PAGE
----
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Nat Rev Cardiol. 2011 Nov 29;9(4):223-33. doi: 10.1038/nrcardio.2011.173.

Pathophysiology of arrhythmogenic cardiomyopathy.

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Department of Medical Diagnostic Sciences and Special Therapies, University of Padua Medical School, Via A. Gabelli, 61 35121 Padova, Italy.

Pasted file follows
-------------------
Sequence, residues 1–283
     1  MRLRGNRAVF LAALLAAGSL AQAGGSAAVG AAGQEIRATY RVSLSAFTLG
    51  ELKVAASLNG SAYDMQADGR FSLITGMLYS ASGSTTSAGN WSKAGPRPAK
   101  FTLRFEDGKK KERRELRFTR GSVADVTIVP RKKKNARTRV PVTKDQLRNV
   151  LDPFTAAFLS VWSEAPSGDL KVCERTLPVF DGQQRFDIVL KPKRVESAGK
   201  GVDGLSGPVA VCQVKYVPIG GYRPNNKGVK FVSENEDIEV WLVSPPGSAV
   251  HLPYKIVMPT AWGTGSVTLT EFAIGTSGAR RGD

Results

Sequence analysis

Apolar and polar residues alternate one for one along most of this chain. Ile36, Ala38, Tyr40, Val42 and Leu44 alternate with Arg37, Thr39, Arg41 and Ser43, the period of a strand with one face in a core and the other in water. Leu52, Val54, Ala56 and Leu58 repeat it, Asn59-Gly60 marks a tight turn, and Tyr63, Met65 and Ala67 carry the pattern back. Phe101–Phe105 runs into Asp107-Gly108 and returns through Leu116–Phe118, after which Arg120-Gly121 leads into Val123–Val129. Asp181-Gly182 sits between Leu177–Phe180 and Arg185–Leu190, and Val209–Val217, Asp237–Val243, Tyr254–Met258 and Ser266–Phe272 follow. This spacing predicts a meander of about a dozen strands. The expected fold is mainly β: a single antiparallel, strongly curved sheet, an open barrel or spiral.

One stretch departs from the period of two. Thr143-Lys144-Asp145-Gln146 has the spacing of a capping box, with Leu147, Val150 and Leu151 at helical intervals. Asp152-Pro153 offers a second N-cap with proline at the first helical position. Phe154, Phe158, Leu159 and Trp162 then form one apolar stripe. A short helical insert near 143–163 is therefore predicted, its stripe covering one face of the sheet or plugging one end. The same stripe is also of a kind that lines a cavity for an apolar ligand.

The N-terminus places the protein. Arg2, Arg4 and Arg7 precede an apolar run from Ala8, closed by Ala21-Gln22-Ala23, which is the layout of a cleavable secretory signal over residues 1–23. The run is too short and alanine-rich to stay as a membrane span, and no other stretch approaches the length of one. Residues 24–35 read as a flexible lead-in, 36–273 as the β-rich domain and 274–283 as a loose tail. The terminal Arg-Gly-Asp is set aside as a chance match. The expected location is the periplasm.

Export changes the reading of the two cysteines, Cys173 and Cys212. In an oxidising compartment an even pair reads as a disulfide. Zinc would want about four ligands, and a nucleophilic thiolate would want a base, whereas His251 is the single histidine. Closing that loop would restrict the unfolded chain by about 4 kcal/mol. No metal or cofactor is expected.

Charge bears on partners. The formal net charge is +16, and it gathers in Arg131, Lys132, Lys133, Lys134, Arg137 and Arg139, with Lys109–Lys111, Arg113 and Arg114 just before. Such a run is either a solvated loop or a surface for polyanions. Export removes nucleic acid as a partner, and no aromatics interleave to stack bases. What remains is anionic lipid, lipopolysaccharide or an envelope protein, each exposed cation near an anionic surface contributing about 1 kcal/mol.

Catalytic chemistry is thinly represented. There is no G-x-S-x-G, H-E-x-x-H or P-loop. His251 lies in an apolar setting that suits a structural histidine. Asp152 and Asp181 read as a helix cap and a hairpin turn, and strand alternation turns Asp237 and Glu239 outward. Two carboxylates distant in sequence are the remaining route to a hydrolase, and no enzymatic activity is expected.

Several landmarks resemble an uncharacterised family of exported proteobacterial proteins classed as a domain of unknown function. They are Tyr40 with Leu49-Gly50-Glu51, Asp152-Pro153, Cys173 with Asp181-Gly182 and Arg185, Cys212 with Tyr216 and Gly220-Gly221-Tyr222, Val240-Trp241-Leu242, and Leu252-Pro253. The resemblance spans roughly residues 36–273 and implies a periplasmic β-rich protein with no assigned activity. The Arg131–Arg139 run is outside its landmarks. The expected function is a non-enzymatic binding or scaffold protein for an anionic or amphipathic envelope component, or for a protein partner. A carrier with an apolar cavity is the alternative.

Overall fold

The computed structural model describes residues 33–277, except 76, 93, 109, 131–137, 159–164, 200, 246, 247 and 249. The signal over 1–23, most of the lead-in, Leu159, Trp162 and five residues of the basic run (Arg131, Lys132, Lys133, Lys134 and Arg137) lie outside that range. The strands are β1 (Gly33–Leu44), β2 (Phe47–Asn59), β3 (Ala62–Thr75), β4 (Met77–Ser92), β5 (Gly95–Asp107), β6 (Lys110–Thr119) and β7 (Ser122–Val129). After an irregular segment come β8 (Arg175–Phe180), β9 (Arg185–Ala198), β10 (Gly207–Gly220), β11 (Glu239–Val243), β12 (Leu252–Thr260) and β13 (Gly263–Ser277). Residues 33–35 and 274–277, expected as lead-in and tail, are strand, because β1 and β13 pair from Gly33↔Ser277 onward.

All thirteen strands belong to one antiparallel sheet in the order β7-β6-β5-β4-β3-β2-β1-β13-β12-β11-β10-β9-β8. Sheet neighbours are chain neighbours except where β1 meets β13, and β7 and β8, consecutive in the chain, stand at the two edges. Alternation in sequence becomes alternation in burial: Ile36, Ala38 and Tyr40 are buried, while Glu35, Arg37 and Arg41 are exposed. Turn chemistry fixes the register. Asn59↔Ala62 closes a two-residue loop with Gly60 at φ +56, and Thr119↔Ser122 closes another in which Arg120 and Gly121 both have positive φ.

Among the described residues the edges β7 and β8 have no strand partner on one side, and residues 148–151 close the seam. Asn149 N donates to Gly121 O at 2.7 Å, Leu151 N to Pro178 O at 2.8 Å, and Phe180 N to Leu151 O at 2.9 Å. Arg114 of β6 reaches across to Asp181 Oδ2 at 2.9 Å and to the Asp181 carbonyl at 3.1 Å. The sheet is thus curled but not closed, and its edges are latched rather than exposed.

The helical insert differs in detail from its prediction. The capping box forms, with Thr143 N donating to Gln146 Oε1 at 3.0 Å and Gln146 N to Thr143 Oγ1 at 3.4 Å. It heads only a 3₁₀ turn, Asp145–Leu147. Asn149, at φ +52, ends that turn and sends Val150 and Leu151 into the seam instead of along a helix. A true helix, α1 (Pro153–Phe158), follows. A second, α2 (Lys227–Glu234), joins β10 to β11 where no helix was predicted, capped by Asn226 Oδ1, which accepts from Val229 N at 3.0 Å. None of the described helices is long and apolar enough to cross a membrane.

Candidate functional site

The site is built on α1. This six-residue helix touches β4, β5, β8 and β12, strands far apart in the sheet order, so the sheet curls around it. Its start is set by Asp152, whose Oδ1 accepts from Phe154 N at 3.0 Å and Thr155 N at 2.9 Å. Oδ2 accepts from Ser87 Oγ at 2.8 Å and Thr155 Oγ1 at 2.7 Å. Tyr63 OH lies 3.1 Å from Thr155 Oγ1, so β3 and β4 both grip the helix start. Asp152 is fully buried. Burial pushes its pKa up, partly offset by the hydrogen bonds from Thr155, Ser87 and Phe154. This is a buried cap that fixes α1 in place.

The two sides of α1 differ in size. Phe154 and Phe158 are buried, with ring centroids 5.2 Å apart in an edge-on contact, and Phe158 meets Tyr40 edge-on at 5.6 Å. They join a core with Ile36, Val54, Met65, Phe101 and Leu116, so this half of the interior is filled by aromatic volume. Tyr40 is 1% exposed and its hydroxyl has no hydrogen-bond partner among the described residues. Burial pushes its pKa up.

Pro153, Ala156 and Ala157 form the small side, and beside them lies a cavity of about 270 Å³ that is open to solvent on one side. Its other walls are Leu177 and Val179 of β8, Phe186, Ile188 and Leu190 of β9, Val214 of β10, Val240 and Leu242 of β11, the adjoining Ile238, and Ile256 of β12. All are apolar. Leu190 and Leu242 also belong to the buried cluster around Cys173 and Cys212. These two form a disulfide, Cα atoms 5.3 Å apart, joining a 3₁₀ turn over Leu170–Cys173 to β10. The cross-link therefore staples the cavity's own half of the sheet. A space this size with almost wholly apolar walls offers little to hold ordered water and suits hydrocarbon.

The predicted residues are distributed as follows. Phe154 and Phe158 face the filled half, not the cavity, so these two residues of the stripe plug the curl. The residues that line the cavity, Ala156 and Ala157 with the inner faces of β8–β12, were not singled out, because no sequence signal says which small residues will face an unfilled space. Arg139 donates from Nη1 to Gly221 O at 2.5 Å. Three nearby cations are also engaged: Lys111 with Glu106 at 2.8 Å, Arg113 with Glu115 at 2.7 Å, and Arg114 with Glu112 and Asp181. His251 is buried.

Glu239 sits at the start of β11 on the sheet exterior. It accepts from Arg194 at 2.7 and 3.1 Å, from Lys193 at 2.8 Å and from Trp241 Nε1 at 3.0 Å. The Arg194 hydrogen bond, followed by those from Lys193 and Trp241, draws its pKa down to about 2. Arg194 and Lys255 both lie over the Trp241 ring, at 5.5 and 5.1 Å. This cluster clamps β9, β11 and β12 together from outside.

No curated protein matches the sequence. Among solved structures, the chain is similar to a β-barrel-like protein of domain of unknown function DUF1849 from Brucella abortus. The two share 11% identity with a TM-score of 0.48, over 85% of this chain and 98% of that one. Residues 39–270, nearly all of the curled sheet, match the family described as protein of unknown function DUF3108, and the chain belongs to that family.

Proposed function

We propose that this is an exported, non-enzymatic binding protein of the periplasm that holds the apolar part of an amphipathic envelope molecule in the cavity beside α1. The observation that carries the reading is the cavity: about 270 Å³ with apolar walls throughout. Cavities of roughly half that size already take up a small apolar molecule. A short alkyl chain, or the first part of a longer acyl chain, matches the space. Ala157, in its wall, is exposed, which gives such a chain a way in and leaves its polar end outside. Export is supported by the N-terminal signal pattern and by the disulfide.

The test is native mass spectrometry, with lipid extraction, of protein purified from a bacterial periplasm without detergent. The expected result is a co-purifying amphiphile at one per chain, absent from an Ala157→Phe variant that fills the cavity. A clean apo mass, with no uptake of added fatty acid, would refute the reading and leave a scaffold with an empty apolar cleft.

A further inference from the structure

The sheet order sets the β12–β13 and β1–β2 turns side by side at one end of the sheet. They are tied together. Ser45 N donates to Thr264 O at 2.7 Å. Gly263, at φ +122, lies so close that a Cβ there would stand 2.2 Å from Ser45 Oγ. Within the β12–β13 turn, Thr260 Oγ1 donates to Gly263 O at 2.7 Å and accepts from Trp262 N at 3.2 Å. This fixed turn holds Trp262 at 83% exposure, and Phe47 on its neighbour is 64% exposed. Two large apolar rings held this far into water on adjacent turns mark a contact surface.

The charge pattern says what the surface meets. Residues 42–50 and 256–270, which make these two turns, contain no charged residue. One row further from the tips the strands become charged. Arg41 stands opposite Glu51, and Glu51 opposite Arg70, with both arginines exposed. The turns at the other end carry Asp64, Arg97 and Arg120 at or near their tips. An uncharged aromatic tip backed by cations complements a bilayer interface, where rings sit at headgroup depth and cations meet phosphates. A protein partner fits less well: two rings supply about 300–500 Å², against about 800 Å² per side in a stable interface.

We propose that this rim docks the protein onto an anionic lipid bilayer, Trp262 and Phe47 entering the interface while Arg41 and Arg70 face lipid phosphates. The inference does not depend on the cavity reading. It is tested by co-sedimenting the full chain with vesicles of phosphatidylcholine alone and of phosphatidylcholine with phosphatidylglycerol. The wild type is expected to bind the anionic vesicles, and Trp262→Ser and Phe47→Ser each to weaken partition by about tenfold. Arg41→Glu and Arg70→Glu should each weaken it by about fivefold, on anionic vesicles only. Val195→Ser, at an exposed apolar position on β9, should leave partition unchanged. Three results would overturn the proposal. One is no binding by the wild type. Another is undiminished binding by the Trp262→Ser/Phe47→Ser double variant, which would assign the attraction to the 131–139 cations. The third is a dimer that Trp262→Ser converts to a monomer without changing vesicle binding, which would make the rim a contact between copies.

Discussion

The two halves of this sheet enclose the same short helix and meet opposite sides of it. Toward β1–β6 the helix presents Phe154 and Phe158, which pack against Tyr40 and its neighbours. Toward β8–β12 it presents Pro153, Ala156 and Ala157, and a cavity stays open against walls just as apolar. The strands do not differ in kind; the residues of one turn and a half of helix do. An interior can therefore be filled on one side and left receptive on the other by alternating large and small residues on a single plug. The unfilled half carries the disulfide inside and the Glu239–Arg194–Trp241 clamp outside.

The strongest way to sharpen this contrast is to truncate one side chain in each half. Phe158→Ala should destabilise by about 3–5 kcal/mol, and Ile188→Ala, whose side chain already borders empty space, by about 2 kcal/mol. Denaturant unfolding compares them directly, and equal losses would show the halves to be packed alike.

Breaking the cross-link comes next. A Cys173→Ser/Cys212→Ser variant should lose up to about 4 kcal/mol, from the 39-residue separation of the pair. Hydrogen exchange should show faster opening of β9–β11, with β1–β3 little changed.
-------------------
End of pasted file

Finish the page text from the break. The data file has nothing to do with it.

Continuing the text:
Arrhythmogenic cardiomyopathy (AC) is a clinically and genetically heterogeneous disorder of heart muscle that is associated with ventricular arrhythmias and risk of sudden cardiac death, particularly in the young and athletes. Mutations in five genes that encode major components of the desmosomes, namely junction plakoglobin, desmoplakin, plakophilin-2, desmoglein-2, and desmocollin-2, have been identified in approximately half of affected probands. AC is, therefore, commonly considered a 'desmosomal' disease. No single test is sufficiently specific to establish a diagnosis of AC. The diagnostic criteria for AC were revised in 2010 to improve sensitivity, but maintain specificity. Quantitative parameters were introduced and identification of a pathogenic mutation in a first-degree relative has become a major diagnostic criterion. Caution in the interpretation of screening results is highly recommended because a 'pathogenic' mutation is difficult to define. Experimental data confirm that this genetically determined cardiomyopathy develops after birth because of progressive myocardial dystrophy, and is initiated by cardiomyocyte necrosis; cellular and animal models are necessary to gain insight into the cascade of underlying molecular events. Crosstalk from the desmosome to the nucleus, gap junctions, and ion channels is under investigation, to move from symptomatic to targeted therapy, with the ultimate aim to stop disease onset and progression.

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